Change and stability: Within-person life satisfaction over a 20-year period using data from the HUNT survey
Peer reviewed, Journal article
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Original versionScandinavian Journal of Public Health. 2020, 1-6. 10.1177/1403494820957439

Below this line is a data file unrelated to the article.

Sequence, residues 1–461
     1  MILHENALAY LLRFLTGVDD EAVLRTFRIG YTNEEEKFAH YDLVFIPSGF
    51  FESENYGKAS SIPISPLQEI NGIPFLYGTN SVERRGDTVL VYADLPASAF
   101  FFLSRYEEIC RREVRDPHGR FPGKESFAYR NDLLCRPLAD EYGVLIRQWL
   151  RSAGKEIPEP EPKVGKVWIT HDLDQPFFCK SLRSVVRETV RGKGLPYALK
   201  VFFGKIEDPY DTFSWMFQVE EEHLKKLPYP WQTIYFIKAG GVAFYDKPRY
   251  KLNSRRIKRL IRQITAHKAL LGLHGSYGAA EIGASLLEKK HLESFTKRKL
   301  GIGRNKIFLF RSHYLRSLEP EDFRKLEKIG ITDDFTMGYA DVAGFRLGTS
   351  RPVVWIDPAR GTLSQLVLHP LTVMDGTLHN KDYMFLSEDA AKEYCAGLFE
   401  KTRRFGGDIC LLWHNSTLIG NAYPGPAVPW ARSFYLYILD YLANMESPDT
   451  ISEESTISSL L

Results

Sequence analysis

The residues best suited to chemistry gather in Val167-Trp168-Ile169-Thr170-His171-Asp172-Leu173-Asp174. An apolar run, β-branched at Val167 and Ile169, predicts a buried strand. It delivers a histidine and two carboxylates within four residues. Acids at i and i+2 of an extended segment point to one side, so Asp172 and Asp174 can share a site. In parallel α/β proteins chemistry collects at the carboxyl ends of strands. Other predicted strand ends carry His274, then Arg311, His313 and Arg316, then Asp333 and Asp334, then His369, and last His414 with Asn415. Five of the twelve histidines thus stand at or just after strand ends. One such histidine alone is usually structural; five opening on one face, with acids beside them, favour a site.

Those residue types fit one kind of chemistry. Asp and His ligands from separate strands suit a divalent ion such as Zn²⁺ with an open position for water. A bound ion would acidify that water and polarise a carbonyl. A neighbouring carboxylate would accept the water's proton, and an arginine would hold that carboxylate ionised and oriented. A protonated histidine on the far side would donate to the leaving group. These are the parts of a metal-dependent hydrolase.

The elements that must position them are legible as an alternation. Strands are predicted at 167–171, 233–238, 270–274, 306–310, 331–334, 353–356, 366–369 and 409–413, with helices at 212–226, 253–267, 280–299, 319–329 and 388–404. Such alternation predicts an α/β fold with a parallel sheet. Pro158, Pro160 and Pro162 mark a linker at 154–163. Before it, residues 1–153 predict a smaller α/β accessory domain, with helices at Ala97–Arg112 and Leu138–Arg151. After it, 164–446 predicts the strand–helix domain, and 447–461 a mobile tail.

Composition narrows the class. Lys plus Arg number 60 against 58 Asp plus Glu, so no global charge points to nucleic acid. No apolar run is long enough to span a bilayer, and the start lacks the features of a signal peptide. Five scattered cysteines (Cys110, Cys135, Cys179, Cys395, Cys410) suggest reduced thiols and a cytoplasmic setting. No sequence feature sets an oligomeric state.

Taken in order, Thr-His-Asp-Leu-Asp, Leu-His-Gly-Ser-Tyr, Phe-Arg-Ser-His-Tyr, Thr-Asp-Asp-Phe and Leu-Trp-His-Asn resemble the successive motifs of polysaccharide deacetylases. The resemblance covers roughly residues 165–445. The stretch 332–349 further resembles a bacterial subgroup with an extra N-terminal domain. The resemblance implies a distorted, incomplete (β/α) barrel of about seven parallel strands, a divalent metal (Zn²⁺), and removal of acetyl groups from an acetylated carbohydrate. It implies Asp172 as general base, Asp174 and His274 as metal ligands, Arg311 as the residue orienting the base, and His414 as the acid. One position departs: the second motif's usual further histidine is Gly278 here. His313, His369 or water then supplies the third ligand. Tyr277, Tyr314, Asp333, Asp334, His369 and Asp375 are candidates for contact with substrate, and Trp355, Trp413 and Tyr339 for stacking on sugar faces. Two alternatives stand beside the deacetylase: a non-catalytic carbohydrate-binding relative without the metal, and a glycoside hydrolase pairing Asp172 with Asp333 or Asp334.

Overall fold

Background: The aim of the present study was to investigate within-person life satisfaction (LS) dynamics for two age groups, 20–29 and 30–39 years, from 1984 to 1986 and to follow them over a 20-year period. Methods: Data from 1984 to 2008 were extracted from the large, prospective, longitudinal North-Trøndelag Health Study (HUNT), Norway. This paper includes data from more than 14,500 persons. Data were analysed using logistic regression, and LS dynamics were modelled using gender, time and self-rated health. Results: The analyses revealed that about 20% of people in these age groups had a stable level in LS, also known as set point. Long-term LS change, defined as ⩾2 SDs, was reported for 9% and 6% of people in the youngest and oldest age groups, respectively. A large proportion of more than 70% of people had fluctuations in their LS over a 20-year period. A significant decrease in within-person LS was seen for the age groups from 1984–86 to 1995–97 where a significant increase appeared from 1995–97 to 2006–08. For the initial 20–29 age group, the odds of having a higher score increased by 34%, and for the initial 30–39 age group, the within-person LS increase was 81%. Self-rated health was the most crucial variable influencing within-person LS. Conclusions: These findings suggest that a significant proportion of the responders had a long-term within-person LS change over the 20-year period.